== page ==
I’ve got several serious relationships under my belt — and one failed engagement — and at least a couple of those partnerships left me with some trauma and insecurity issues. To work through that — as well as high levels of anxiety — I’ve been going to therapy for the last eight years. The anxiety is pretty much under control (well, or it was until Trump came into the picture), and I take medication, do yoga, and meditate to keep it at bay. The insecurity issues? Actively working on them.
I like to do fun things, like, run, dine, cook, travel (though flying freaks me out), be with my family. But a lot of the time, I’m a huge couch potato, and relatively lazy. I’m an introverted homebody, and while I have characteristics of a social butterfly, I need to spend at least one evening alone for every one I spend in a group.
I don’t like cats. They freak me out.
I love to write. I make it part of my day to day, both for personal fulfilment and in my job. But it means I’m in my head a lot. Entire worlds are up in here, and I can seem far away on occasion. I’m also shy in new situations, which is often perceived as aloof. But I’m probably just intimidated.
I’m relatively steady, but I can be a person of extremes and a temper. I’m very loyal to my friends and family. I judge others too quickly. I fall into the trap of tribal politics reinforcing my own world views. I rant angrily about feminism (this part is not a flaw it is a good thing about me, but you should know). I like to be right. I believe I’m almost always right. I’ve even been known to mansplain, yes, even though I’m a woman. Yes, women can mansplain with the best of them.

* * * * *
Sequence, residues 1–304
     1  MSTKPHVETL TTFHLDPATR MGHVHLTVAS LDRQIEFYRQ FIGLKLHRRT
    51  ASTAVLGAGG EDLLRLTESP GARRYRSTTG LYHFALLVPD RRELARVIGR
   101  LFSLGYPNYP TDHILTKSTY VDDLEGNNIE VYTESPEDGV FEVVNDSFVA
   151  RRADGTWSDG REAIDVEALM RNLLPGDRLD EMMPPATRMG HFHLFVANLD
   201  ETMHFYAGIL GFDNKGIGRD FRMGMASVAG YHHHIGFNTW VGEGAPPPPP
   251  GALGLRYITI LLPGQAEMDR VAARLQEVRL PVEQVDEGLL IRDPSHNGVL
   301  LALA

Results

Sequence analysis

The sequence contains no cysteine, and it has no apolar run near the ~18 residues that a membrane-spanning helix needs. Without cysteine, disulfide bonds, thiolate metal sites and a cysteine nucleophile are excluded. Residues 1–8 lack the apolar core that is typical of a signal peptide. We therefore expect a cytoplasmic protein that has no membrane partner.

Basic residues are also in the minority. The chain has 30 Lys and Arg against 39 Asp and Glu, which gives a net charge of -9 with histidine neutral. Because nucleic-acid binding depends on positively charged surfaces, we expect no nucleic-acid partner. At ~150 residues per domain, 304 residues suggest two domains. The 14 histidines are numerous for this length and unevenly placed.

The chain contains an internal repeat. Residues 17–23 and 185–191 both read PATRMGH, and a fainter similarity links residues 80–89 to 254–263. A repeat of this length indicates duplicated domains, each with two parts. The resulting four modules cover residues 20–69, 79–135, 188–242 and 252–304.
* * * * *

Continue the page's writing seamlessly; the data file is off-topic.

I love to shop, to consume, I love beauty, and makeup, and keep up on the world of celebrity because I honestly think it’s kind of fun.
My evening going-to-bed routine takes 30 minutes and involves upwards of a dozen products.
I struggle with communicating my needs, and often am afraid to state those very needs because I assume without asking that they will be rejected or not met. Again, a lot of work has gone into this, so it’s better. But it’s still a thing. I really need somebody to make me feel secure, to make me feel confident, to make me feel grounded, to be reassuring of their feelings for me, and demonstrative about them. I’m not into PDA, but being affectionate is important to me.
I truly believe that perception is everything and that every setback can be seen as an opportunity for growth and reflection… but I also love to complain. And gossip. Sometimes I gossip.
I can be on the computer, doing literally nothing except clicking between Twitter and a chasm of pointless tabs, for like… hours.
My laugh is really more of a loud, evil cackle.
I’m bad at talking about myself, and will constantly deflect the conversation away to another topic or ask you a million questions about yourself. When met with somebody who is truly interested in getting to know me, and keeps trying, it’s likely I will either a. Run away b. Burst into tears.
I guess all of these are to state the obvious as with any of you: I’m human. I’m not an awesome robot with no imperfections. I struggle to connect with people on occasion, and to be vulnerable. Sometimes I get sad and need reassurance, and sometimes I’m happy and think I can run the world. My friends and family mean more than anything to me, and I have a deep desire to see the best in people and all of their potential. I can be wildly charming and charismatic, and I can probably definitely make you laugh at least once.
In short, like anybody on here, I’m simply looking for somebody to share a Netflix account with. But I’m also looking for somebody who gets me, who sees me, who will take my insecurities or obsession with beauty products and understand it’s countered out by my genuine warmth and intelligence and kindness and wit. There’s highs, there’s lows, and there’s everything in between. Let’s go for a ride.